machineghost machineghost - 2 years ago 118
Ajax Question

How do I prevent $.ajax from adding [] to my key names (without processData: false)?

If I try to use

to POST a data dictionary like:

list: ["fake_id_0"],
mapType: "fakeToRealId"

jQuery does something strange to it; it transforms the data into:

list[]: ["fake_id_0"],
mapType: "fakeToRealId"

As you can see, it adds brackets to the
key, but not the
key. Now in a
general REST sense, yes it is common for people to name keys with array values with brackets ... but my server doesn't work that way, so if I try to POST
I have problems.

I have tracked this problem down to
's handling of the parseData option, in this bit of code:

// Convert data if not already a string
if ( && s.processData && typeof !== "string" ) { = jQuery.param(, s.traditional );

and if I use
processData: false
it does skip that block ... but then it also doesn't URLEncode my data for me.

So, my question is: how do make
calls with
processData: true
without having jQuery modify my key names on me? Or failing that, how do I use
processData: false
, but still get every effect from that option except the bracket-adding?

P.S. Or, if this is all non-standard jQuery behavior, being caused by some plug-in I have, please let me know that instead :-)

* EDIT *

I answered my own question, then deleted that answer because I realized that it was flawed. I answered that setting the option
(in the
call) fixes the brackets, and it does ... but it also has a side effect, which is that it will not serialize nested objects.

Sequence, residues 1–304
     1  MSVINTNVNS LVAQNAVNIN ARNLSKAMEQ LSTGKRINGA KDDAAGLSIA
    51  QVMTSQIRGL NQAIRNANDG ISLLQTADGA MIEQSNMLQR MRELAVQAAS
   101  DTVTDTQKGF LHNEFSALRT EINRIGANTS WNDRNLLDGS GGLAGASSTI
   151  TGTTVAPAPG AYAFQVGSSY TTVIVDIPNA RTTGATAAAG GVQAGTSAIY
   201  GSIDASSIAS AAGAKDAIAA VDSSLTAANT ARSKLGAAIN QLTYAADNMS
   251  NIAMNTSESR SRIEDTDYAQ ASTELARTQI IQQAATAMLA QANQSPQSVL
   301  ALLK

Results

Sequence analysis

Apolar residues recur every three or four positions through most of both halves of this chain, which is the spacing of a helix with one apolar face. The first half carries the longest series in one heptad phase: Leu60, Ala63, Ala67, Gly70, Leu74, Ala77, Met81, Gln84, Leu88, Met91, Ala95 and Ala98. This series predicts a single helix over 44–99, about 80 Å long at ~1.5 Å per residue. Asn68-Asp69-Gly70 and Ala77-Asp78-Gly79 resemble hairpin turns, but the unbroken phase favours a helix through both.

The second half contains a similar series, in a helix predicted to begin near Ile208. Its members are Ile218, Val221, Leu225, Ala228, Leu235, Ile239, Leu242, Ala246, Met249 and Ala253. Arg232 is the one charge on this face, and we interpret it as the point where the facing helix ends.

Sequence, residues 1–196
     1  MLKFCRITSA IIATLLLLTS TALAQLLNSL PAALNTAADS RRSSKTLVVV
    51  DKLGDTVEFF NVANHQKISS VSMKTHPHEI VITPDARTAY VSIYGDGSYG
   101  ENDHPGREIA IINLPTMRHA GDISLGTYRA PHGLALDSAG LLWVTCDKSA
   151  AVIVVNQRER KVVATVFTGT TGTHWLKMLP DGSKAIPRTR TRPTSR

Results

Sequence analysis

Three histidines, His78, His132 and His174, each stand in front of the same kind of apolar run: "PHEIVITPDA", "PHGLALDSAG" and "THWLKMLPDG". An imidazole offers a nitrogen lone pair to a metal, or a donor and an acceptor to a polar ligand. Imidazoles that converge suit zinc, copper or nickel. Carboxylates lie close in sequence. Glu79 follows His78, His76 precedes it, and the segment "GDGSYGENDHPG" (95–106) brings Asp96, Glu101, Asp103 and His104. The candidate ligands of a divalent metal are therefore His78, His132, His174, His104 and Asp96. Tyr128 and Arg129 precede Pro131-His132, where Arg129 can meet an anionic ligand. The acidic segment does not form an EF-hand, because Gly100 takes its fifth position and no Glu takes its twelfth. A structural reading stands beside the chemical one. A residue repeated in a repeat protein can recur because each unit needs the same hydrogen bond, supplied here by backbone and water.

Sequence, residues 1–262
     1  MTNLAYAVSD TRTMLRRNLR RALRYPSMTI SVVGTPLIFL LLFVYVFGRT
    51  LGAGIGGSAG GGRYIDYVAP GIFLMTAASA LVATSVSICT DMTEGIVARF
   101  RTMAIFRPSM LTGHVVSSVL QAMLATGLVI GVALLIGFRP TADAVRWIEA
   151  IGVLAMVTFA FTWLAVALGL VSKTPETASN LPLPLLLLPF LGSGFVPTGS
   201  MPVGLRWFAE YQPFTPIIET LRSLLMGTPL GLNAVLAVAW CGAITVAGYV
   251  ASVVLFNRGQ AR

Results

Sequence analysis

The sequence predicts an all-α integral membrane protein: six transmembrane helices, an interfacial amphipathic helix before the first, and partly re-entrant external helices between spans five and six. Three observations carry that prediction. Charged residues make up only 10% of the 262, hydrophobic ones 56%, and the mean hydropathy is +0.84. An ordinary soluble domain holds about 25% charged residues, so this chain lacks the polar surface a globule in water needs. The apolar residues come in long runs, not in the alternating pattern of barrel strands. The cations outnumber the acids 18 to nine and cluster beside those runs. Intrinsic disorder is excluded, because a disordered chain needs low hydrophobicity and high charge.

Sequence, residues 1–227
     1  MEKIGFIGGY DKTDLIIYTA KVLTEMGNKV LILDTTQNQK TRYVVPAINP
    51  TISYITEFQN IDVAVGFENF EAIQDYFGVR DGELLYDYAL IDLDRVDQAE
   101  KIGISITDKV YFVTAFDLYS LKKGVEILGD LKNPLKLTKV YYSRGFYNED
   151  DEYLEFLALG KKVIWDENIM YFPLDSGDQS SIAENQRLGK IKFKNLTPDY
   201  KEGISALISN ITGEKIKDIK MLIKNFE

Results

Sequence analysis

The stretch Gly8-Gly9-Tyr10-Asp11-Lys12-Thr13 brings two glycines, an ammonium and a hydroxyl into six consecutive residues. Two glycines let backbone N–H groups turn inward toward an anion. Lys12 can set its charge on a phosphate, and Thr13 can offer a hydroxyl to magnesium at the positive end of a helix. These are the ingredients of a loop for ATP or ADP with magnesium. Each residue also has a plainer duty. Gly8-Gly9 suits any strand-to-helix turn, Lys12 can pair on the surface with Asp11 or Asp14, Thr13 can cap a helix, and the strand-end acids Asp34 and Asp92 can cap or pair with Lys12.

So my revised question is: how do make
calls with
processData: true
without having jQuery modify my key names on me AND without disabling its serialization of nested properties? In other words, how do I have jQuery do everything the same as it currently does ... except not add brackets to my keys?

Answer Source

As you realized this is not a bug. The brackets were put there specifically to solve problems with multi-level objects, after version 1.4 I believe. You can have a look to .param() itself to understand why.

I believe what you want is not possible and good way to verify is to try end encode one string by hand. I believe you will not be able to encode it in way that is uniquely decodable, without the brackets.

To amend my answer, quoting from the above link

Note: Because some frameworks have limited ability to parse serialized arrays, developers should exercise caution when passing an obj argument that contains objects or arrays nested within another array.

Note: Because there is no universally agreed-upon specification for param strings, it is not possible to encode complex data structures using this method in a manner that works ideally across all languages supporting such input. Use JSON format as an alternative for encoding complex data instead.

So if you server is ready to parse json, you can then send your request like this.

    url: 'something',
    type: 'GET',
    data: JSON.stringify(data),
    contentType: 'application/json; charset=utf-8',
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